Game and Fish budget cut

Governor and Legislature provide license fee increase to continue investment in wildlife management

This year the Wyoming Legislature cut several budgets, this included $9.8 million per biennium that went to five Wyoming Game and Fish Department programs. This comes after Game and Fish had already cut nearly $1 million earlier this year from those same programs.

The legislature sets all license and fee levels with few exceptions. To help offset most of the cut, lawmakers passed legislation increasing hunting, fishing, trapping and watercraft registration licenses and fees. Those increases should raise around $5 million per year.

“Game and Fish very much appreciates the support for wildlife shown by this investment from the Legislature and Governor. Unfortunately, due to the cut, even with this license fee increase Game and Fish will have less revenue to provide the same services we were providing previously,” said Scott Talbott, Director of Game and Fish.

The license and fee increases do not go into effect until January 1, 2018. For a list of the new costs visit Game and Fish’s website.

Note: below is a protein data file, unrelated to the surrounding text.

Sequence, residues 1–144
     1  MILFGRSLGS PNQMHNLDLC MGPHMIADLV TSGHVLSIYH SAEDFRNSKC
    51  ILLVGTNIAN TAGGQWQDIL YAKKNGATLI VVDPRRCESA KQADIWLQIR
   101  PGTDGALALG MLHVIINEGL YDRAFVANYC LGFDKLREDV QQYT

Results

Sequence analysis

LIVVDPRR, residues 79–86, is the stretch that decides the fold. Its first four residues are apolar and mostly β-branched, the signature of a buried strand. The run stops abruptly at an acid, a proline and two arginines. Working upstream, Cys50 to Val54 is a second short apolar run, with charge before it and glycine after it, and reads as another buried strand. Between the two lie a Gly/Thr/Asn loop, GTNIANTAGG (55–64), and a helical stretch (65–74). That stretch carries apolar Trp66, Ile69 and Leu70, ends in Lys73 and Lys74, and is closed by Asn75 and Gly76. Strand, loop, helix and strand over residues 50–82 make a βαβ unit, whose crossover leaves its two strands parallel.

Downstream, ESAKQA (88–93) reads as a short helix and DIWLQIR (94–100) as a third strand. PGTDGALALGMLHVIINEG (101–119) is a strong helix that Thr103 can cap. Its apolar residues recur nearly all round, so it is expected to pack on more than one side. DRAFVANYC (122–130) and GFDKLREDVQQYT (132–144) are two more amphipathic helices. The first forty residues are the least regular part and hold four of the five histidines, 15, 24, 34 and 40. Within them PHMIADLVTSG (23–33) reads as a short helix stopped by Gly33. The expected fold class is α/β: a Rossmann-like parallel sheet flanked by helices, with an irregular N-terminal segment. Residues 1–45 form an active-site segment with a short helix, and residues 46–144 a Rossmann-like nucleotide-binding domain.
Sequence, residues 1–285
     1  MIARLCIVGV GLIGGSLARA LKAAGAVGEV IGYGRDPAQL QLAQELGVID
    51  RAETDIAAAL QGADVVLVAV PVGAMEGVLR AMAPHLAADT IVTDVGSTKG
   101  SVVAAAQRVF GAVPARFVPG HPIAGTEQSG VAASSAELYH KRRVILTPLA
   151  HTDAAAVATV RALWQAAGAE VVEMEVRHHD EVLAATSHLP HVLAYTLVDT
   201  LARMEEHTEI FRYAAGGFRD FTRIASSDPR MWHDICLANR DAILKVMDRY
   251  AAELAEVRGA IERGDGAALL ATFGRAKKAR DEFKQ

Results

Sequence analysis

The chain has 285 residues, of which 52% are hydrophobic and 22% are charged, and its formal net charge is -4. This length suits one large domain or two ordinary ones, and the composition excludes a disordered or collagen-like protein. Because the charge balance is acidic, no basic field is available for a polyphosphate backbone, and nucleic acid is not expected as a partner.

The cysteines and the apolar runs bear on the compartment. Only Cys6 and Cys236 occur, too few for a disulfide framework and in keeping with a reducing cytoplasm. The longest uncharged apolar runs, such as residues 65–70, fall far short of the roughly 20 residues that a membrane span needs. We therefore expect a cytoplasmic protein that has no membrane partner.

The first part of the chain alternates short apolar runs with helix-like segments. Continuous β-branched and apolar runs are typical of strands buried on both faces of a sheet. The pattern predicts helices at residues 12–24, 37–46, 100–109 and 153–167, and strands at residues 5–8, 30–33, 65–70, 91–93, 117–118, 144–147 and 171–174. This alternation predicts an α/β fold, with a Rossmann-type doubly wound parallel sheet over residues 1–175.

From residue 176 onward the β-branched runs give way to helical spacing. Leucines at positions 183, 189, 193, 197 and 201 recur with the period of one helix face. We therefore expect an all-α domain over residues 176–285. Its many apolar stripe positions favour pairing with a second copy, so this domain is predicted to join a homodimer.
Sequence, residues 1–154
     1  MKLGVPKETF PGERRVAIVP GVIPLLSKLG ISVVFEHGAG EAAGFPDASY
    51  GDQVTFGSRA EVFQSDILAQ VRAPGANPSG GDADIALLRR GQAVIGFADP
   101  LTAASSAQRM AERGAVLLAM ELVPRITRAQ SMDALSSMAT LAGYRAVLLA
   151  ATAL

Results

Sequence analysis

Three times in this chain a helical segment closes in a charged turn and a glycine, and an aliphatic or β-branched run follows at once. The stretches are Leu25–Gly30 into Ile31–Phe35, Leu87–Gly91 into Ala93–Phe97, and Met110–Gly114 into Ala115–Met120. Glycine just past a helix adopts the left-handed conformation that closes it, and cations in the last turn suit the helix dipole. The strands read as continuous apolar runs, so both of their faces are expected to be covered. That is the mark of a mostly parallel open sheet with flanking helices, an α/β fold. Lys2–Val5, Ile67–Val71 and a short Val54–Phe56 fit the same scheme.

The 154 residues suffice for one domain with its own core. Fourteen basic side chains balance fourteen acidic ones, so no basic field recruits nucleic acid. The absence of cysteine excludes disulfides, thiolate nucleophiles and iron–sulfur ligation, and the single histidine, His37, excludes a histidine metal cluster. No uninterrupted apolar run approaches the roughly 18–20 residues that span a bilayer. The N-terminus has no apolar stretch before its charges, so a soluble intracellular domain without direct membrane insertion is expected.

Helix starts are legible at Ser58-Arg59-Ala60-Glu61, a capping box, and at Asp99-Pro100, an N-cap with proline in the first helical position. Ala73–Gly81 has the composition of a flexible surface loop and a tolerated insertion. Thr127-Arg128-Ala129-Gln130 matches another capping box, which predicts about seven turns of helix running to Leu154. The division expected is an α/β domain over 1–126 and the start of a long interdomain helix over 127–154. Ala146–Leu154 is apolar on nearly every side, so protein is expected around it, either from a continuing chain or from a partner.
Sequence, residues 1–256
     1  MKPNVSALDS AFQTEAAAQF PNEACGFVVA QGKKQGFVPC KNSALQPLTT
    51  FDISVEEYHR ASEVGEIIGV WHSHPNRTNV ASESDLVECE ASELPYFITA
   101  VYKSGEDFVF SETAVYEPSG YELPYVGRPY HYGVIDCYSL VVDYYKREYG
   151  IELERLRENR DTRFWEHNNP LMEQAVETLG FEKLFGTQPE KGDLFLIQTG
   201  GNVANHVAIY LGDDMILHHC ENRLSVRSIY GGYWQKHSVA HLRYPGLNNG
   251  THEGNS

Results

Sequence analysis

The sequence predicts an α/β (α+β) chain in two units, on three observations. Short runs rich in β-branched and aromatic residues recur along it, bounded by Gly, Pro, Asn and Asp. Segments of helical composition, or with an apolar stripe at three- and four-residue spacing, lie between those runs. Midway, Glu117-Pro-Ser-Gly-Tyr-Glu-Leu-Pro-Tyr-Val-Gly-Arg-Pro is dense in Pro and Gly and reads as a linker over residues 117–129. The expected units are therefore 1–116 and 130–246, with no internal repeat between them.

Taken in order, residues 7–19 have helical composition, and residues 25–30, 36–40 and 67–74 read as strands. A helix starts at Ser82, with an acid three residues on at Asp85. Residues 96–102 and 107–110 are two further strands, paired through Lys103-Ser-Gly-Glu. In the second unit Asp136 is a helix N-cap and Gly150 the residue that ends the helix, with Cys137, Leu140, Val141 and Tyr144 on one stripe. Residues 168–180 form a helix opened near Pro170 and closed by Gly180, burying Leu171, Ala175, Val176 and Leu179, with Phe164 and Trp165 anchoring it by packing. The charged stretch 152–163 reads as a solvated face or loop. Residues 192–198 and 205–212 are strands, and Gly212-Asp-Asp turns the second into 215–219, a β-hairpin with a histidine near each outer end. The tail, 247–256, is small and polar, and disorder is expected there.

From 2005 until July 1, 2017 Game and Fish has received funding from the State Legislature supporting five programs: sage grouse management, sensitive species, wolf management, veterinary services and aquatic invasive species. The legislature recognized those five programs all benefited more than just those who purchased hunting and fishing licenses and provided financial support from the State’s General Fund. The Wyoming Game and Fish Commission will now pick up the costs of these programs.

“Those who hunt, fish and trap have historically funded almost all wildlife management in Wyoming. That commitment continues as now over 85 percent of our budget will come from sportsmen and sportswomen,” said Talbott. “We now face uncertain times as we may have to reduce the number of licenses available due to a harsh winter and there may be less revenue from the federal sales of firearms and ammunition coming to states. As always, we commit to being good stewards of wildlife.”